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Projections of Inpatient Admissions to Specialty Mental Health Organizations: 1990 to 2010
Harold F. Goldsmith; Ronald W. Manderscheid; Marilyn J. Henderson; Adele J. Sacks
Psychiatric Services 1993; doi:
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Division of State and Community Systems Development; Center for Mental Health Services, 5600 Fishers Lane, Rockville, Maryland 20857

1993 by the American Psychiatric Association

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Abstract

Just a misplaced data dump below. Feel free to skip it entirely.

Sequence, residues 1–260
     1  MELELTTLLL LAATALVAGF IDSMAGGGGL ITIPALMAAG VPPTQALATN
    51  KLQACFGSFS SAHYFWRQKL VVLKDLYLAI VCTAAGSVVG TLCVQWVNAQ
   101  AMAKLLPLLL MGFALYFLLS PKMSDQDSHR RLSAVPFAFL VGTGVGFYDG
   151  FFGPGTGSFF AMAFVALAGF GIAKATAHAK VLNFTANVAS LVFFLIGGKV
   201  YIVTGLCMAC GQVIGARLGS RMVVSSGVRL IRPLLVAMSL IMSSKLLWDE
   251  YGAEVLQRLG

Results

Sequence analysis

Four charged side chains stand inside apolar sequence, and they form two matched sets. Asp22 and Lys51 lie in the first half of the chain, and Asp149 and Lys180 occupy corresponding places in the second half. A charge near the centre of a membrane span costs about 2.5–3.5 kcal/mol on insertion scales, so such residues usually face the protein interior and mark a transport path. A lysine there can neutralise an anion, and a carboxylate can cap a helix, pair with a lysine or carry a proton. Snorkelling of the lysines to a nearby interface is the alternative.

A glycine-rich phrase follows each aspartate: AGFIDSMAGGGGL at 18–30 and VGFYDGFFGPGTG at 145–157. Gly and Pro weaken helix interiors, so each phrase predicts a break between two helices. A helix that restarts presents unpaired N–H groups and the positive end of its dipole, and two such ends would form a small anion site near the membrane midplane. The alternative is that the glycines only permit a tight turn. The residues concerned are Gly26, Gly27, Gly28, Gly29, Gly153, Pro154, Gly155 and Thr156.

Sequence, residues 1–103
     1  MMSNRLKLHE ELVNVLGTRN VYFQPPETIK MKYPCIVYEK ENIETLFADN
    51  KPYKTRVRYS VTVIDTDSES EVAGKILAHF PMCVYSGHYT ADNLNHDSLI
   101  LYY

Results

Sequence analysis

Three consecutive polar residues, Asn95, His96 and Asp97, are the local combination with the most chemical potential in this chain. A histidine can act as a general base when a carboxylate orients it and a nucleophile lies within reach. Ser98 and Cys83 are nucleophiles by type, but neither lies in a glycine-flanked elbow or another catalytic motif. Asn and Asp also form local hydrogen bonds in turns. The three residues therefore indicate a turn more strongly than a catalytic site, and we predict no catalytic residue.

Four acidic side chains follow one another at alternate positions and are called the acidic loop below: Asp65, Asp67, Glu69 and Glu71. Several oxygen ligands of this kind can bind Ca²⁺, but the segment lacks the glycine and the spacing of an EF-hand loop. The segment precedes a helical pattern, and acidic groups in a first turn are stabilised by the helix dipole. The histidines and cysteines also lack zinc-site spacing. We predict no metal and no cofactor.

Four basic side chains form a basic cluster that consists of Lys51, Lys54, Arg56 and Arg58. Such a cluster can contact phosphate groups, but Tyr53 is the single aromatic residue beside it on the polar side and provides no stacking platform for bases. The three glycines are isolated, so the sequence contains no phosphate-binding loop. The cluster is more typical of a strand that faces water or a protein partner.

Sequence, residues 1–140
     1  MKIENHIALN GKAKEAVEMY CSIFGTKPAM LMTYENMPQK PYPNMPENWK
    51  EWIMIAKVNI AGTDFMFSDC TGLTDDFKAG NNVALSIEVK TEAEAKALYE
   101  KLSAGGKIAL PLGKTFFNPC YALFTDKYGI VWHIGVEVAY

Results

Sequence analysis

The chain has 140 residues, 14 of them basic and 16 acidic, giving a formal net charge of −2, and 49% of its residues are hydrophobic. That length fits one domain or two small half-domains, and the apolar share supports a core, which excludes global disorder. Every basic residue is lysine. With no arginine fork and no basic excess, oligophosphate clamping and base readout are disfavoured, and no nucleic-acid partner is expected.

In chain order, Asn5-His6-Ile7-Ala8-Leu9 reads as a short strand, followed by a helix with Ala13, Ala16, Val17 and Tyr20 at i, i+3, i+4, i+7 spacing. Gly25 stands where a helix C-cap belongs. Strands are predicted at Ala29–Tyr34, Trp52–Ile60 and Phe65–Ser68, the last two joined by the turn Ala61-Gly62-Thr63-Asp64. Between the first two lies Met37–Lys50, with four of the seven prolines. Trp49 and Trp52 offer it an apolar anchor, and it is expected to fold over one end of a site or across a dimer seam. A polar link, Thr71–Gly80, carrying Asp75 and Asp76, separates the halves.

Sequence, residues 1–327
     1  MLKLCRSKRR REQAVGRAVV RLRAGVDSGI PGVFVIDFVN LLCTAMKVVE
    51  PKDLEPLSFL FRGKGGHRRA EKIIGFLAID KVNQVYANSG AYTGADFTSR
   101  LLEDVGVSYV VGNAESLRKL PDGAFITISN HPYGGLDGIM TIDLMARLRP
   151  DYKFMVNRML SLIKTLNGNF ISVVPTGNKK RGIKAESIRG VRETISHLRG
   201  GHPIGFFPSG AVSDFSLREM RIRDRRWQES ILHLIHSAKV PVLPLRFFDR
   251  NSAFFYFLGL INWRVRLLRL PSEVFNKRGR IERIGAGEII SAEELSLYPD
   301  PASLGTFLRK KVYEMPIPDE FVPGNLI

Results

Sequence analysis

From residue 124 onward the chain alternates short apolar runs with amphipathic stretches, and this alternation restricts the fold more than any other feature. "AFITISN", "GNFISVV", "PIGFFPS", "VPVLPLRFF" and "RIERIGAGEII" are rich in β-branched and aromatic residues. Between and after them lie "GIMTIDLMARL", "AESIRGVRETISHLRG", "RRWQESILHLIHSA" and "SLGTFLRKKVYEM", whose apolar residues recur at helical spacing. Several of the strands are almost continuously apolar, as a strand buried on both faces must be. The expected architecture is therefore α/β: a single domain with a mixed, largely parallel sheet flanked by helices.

Objective: To help predict changes in patterns of service delivery, the total number of inpatient admissions to specialty mental health organizations and the number of elderly persons ( over age 65) admitted were projected in five-year intervals between 1990 and 2010. Methods: One set of projections is based on 1986 rates of use and their coefficients of variation. A second, more accurate, set is based on 1990 rates derived from logarithmic projections of trends from 1980 to 1 986 and the coefficients of variation for the 1986 rates. Results: Projections based on 1990 rates show an increase of more than 25 percent in the total number of inpatient admissions to all specialty mental health organizations between 1986 and 2010 and an increase of more than 40percent in elderly admissions. Nonfederal general hospitals are expected to have the largest increases in the number of total admissions, and state and county mental hospitals the smallest. The greatest percentage growth in total admissions will occur in private psychiatric hospitals. For elderly persons, inpatient admissions to Veterans Affairs medical centers will show the largest percentage increase, and admissions to state and county mental hospitals the smallest. By 2010 the majority of elderly admissions (67.6percent) will be to nonfederal general hospitals. Conclusions: Plans to cope with increased demand for inpatient services should take into account the potential economic consequences of the forecasted changes as well as their effects on allocation of and access to services.

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